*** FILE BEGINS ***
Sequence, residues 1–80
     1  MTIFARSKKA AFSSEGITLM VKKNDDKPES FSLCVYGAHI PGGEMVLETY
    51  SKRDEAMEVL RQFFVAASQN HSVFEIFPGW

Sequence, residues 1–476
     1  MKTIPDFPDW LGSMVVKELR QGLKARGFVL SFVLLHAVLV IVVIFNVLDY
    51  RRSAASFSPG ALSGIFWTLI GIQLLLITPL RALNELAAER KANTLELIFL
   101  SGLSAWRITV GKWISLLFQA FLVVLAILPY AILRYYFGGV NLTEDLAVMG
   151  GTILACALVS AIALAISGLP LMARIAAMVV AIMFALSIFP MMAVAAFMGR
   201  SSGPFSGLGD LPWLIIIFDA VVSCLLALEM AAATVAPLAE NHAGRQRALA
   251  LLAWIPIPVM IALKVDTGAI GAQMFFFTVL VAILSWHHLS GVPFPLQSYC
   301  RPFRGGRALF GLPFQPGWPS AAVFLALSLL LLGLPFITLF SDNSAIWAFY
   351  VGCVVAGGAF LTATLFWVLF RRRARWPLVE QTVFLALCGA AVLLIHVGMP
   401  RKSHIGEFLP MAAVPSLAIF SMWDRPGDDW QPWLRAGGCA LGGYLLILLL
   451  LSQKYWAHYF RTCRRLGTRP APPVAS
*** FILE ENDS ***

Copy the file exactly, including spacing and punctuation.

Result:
Sequence, residues 1–80
     1  MTIFARSKKA AFSSEGITLM VKKNDDKPES FSLCVYGAHI PGGEMVLETY
    51  SKRDEAMEVL RQFFVAASQN HSVFEIFPGW

Sequence, residues 1–476
     1  MKTIPDFPDW LGSMVVKELR QGLKARGFVL SFVLLHAVLV IVVIFNVLDY
    51  RRSAASFSPG ALSGIFWTLI GIQLLLITPL RALNELAAER KANTLELIFL
   101  SGLSAWRITV GKWISLLFQA FLVVLAILPY AILRYYFGGV NLTEDLAVMG
   151  GTILACALVS AIALAISGLP LMARIAAMVV AIMFALSIFP MMAVAAFMGR
   201  SSGPFSGLGD LPWLIIIFDA VVSCLLALEM AAATVAPLAE NHAGRQRALA
   251  LLAWIPIPVM IALKVDTGAI GAQMFFFTVL VAILSWHHLS GVPFPLQSYC
   301  RPFRGGRALF GLPFQPGWPS AAVFLALSLL LLGLPFITLF SDNSAIWAFY
   351  VGCVVAGGAF LTATLFWVLF RRRARWPLVE QTVFLALCGA AVLLIHVGMP
   401  RKSHIGEFLP MAAVPSLAIF SMWDRPGDDW QPWLRAGGCA LGGYLLILLL
   451  LSQKYWAHYF RTCRRLGTRP APPVAS